The role and remit of marketing professionals is continuing to blur. As Marketing Week reported earlier this year, a series of big brands are changing their marketing structures to account for new business conditions such as the explosion of big data and the rising power of the customer, with new titles like chief customer officer emerging to replace the CMO and different functions merging or separating depending on the brand.
This trend shows no sign of abating. Last week, for example, the role of eBay’s top UK marketer Sarah Calcott was enhanced to a new position of senior director of operations. While Calcott will retain oversight of marketing, she now takes on extra responsibility for the buyer and seller experience and for all customer support issues. Diageo, meanwhile, is also seeking to create more “integrated shopper journeys” by aligning its sales and marketing functions more closely.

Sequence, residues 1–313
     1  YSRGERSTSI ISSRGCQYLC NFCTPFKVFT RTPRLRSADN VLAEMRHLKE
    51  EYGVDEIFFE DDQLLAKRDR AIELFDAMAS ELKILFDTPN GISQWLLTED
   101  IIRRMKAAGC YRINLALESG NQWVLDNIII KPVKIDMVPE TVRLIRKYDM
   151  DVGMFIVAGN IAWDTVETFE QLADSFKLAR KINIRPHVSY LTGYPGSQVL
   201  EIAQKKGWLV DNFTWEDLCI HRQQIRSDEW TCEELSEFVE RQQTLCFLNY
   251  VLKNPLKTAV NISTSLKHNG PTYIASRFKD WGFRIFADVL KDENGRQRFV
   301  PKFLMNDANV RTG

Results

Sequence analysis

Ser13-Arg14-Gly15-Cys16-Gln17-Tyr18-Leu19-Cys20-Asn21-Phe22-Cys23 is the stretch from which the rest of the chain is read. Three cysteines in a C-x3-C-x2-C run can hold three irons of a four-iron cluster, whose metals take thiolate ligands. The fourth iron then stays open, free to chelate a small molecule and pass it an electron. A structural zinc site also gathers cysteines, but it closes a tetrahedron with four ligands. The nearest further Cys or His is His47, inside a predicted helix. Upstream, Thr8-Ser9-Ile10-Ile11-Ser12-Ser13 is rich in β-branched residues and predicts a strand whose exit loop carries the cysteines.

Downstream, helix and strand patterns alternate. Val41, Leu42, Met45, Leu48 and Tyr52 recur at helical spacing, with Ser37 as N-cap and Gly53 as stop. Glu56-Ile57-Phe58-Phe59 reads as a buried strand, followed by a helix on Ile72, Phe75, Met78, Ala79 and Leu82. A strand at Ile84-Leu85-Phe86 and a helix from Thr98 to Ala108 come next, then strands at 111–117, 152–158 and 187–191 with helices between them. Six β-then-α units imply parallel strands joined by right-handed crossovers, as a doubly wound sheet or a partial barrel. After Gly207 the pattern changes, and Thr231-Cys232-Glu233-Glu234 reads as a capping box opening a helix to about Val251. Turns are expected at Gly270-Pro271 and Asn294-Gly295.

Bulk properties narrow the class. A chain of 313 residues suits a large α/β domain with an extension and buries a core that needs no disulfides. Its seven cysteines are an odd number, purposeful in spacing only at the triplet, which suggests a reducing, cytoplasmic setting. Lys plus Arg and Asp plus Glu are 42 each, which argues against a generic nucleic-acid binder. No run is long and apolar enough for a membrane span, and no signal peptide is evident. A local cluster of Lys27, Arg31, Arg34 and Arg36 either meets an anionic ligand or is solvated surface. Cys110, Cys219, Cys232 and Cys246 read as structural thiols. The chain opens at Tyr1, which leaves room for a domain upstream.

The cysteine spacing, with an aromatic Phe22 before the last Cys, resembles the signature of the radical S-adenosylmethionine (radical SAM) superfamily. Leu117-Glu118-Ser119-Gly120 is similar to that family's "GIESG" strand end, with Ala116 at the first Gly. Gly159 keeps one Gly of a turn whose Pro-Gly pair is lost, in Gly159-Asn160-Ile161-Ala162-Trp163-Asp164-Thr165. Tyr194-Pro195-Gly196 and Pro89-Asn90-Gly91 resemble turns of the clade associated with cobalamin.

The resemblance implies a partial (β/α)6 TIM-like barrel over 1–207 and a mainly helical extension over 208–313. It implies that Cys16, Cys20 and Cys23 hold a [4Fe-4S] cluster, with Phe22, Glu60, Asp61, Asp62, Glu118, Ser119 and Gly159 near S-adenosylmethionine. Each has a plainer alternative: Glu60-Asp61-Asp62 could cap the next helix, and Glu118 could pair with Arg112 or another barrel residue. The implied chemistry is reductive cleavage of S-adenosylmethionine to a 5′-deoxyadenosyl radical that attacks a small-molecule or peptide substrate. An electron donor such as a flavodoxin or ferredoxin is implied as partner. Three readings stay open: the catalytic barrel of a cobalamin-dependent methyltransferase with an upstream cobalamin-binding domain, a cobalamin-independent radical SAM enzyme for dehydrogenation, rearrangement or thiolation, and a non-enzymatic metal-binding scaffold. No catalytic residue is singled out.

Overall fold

Such tinkering with roles and responsibilities suggests that the skills needed to succeed in marketing are becoming ever wider. As positions change and terms like ‘digital’ are phased out in favour of an all-encompassing definition of marketing, job applicants need to display a broad set of abilities if they are to succeed. While this might seem bewildering or even overwhelming, the common tenet that marketers must learn to accept is the overriding importance of data.
The Diageo restructure, for example, will require both marketing and sales professionals within the organisation to link offline and online customer data together more effectively in order to boost sales and ensure marketing investments are more targeted. The emergence of the chief customer officer role at organisations such as Tesco, Asda and Shop Direct also demonstrates the elevation of data marketing and customer insight to board-level positions.
Nissan’s marketing boss Roel de Vries recently claimed that he would be happy to see the word digital disappear completely, arguing that brands should focus on integrating their marketing channels and making communications more consistent. The same could be said of data. Once the preserve of the IT department or specialist data marketers, it is now the lifeblood of all customer-centric marketing and the constant factor in an increasingly fluid jobs market.